Festival Theatre

Cabaret
Running until October 26

Welcome to the Kit Kat Klub, the hottest nightclub in Berlin. American Cliff Bradshaw has just arrived in town. When he meets nightclub singer Sally Bowles, his life is turned upside down-just as the world is about to turn upside down, with Hitler on the rise in Weimar Germany. Another couple-Fraulein Schneider, Cliff’s landlady, and Herr Schultz, a Jewish grocer-must face the music, while the Emcee invites Cliff and Sally to forget the world around them. Hailed as a rare musical that both challenges and entertains, it premiered on Broadway in 1966 and ran for over 1100 performances, winning numerous Tony Awards including Best Musical.

The Philadelphia Story

By Philip Barry
Runs: June 7 to October 25

Tracy Lord is young, beautiful, wealthy and about to get married. The Philadelphia socialite has divorced her dashing but unreliable husband and fallen in love with a self-made (but perhaps a bit dull) business tycoon. When a cynical tabloid newshound arrives to cover the ceremony, Tracy has a hard time keeping her nuptials-and her heart-on the right track. A class romantic comedy, the play was a huge turnaround success for Katharine Hepburn’s in the late 1930s. Barry wrote it especially for her, and the play had a year-long run on Broadway before coming a six-time Oscar nominated film in 1940.

The Philanderer
By Bernard Shaw
Previews: June 26
Runs: July 12 to October 12

The rules for joining the Ibsen Club are simple: if a candidate is female, she cannot be womanly, and if male, not manly. Leonard Charteris, one of the club’s leading philosophers, also happens to be its leading philanderer. Two woman have fallen in love with him, but the one he wants doesn’t want him-and, naturally, the one he doesn’t want can’t live without him. This comedy about love and sex was so daring, a friend who read the play told him to burn the final act. For the first time, the Shaw Festival will stage the play as Shaw had first intended. Why was he so willing to discard the act? As one critic wrote, “In short, the reason why Act lll was abandoned, was not the unpreparedness of the playwright, but that of the audience.”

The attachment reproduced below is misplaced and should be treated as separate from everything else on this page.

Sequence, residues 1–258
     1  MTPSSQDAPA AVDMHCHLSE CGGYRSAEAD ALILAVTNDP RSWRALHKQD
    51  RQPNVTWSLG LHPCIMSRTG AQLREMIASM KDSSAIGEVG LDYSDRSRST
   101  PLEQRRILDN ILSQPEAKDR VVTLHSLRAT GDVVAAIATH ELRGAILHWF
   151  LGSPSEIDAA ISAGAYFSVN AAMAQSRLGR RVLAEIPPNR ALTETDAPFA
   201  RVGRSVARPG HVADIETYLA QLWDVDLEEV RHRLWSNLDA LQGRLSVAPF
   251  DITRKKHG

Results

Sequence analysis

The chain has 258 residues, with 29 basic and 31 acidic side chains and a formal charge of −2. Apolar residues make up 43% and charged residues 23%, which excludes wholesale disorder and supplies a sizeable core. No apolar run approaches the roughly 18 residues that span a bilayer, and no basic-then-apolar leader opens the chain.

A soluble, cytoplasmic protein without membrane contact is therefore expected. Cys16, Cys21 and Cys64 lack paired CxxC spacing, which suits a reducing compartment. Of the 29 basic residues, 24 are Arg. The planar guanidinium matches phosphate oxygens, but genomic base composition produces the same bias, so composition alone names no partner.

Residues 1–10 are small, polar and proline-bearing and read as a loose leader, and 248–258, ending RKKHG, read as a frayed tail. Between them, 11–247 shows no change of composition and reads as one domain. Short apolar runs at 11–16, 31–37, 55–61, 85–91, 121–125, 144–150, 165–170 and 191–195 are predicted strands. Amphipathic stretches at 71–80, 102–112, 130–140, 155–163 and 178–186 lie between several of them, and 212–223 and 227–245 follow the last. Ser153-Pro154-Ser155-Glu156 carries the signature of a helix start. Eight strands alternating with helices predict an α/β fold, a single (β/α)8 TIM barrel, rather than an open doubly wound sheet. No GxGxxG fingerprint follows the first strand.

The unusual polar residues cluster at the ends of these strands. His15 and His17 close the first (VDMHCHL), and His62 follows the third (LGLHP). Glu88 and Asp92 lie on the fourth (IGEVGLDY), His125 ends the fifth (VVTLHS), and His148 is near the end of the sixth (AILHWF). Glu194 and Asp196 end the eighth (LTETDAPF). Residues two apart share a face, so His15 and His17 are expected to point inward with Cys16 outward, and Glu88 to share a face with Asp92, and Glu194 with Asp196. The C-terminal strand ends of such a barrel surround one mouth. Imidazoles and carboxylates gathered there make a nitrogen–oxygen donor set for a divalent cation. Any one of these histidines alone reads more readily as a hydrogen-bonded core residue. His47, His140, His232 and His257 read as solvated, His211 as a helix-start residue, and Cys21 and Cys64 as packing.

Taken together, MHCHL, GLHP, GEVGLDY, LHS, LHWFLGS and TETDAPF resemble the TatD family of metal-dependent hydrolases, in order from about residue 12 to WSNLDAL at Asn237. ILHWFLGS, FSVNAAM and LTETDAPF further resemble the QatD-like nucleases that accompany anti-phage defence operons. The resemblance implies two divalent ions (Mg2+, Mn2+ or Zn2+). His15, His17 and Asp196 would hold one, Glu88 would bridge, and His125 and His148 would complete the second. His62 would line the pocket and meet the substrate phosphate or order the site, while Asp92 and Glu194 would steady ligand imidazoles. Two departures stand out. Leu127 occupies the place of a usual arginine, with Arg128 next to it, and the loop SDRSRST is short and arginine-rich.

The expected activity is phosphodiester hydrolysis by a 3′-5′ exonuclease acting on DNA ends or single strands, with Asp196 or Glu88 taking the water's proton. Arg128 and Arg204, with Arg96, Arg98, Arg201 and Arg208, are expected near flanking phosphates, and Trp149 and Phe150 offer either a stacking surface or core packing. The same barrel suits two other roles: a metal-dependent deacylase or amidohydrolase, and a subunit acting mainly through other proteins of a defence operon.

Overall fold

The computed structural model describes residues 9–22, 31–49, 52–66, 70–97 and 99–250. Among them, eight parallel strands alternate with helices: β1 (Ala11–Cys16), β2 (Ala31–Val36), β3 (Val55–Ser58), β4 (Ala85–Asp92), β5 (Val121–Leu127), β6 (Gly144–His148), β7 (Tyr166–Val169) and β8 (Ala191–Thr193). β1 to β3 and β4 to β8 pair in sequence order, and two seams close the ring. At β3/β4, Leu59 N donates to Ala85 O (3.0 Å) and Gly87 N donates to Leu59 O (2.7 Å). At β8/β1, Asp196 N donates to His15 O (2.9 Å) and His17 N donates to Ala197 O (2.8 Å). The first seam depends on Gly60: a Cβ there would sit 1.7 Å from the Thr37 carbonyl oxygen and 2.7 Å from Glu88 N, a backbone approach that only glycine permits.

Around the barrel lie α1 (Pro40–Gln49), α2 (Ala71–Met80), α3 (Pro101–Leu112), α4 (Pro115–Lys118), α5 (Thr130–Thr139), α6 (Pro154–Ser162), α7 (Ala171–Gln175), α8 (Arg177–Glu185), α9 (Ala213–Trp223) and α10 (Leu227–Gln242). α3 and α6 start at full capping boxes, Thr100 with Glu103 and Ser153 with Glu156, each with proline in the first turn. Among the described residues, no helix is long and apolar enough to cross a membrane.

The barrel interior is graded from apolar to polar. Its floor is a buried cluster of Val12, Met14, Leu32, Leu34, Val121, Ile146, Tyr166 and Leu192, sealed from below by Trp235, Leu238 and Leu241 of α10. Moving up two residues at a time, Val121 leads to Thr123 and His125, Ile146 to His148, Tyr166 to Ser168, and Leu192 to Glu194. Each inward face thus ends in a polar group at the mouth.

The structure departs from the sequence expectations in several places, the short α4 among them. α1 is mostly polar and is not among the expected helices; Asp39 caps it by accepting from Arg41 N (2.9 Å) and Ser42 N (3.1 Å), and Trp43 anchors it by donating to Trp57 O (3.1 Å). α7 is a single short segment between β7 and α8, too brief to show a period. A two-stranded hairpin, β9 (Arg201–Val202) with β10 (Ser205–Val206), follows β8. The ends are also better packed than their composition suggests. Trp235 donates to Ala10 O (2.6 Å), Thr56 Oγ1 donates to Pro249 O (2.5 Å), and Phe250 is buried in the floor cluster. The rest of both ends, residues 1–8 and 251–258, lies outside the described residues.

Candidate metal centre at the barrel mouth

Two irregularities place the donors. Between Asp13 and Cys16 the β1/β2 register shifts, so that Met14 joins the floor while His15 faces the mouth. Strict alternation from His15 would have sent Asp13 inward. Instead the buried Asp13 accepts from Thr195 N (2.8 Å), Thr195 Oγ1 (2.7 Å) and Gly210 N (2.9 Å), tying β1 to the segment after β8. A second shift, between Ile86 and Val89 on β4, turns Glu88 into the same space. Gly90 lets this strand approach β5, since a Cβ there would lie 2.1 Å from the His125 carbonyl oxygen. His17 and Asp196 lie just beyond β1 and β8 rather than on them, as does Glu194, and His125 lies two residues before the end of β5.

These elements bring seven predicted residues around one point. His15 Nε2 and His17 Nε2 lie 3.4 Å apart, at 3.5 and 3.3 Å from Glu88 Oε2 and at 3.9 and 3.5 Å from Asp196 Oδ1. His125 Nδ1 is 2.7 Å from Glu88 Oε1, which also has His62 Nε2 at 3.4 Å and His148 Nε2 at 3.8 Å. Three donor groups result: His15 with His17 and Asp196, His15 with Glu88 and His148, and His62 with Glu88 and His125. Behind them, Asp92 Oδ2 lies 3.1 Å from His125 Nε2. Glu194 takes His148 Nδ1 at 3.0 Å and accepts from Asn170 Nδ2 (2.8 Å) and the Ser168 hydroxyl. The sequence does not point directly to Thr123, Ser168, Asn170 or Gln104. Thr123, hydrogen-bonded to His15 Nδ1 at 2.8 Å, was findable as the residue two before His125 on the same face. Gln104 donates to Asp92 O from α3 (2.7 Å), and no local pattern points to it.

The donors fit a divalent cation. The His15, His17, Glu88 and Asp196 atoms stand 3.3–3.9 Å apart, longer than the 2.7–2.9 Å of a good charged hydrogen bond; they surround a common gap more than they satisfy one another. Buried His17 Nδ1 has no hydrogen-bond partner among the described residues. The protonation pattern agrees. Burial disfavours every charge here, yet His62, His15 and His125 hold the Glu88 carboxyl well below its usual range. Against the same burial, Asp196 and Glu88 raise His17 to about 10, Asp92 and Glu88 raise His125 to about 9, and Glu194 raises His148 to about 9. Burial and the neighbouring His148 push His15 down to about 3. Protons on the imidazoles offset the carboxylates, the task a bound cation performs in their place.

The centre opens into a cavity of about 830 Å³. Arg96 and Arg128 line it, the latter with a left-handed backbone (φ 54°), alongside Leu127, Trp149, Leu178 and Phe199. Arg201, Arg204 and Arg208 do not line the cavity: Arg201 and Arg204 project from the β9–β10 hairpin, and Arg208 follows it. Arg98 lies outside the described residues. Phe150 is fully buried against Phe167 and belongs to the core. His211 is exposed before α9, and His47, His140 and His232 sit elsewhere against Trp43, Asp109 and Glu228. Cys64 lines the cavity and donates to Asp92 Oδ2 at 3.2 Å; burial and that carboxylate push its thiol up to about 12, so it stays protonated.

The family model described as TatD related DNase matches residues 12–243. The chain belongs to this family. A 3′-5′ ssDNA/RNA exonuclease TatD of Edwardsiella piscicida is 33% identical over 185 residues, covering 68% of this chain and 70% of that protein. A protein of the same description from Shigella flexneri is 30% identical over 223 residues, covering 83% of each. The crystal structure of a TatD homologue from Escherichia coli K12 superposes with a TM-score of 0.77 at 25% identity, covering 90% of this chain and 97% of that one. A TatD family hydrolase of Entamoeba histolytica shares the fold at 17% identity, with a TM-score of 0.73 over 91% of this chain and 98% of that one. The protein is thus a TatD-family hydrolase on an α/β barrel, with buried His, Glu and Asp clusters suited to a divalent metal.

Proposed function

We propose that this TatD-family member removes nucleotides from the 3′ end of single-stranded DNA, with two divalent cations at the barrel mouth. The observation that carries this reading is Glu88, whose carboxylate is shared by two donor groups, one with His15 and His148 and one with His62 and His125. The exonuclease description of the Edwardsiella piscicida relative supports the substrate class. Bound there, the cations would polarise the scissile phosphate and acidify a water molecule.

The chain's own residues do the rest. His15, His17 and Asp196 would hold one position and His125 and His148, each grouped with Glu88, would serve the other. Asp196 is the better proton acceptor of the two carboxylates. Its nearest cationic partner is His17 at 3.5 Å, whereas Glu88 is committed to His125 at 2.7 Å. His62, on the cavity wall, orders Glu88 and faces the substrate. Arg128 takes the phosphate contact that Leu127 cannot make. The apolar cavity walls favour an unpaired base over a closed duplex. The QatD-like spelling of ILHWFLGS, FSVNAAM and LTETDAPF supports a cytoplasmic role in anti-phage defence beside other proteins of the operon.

Royal George Theatre

Arms and the Man
By Bernard Shaw
Running until October 18

All’s fair in love and war-or is it? Worlds collide with delicious results when two opposing soldiers vie for the heart of an idealistic girl. Set during the 1885 Serbo-Bulgarian War, Raina Petkoff is a young woman in love with love-and with Sergius Saranoff, one of the heroes of the war. One night, a Swiss mercenary solider, Captain Bluntschli, bursts through Raina’s bedroom window and begs her to hide him. When he reassures her that he carries chocolates instead of a weapon, Raina agrees. After the war ends and both soldiers return for Raina, the real battle for true love begins. Subtitled, “an antiromantic comedy,” it became one of Shaw’s most popular plays and one of his first commercial successes.

When We Are Married
By J.B Priestley
Running until October 26

A second chance at love or a sweet escape? Married life is about to get interesting for three upstanding couples who have gathered to celebrate their joint silver wedding anniversaries. As the evening progresses, a stunning secret is revealed: none of them are actually, legally married. And as each couple grapples with this news, their relationships are vigorously and hilariously put to the test. Do they really want to be married after all? J.B Priestley was keen to deflate the pomposity of the middle classes, and this play has been called “the funniest and among the most enduring plays that J.B. Priestley wrote.”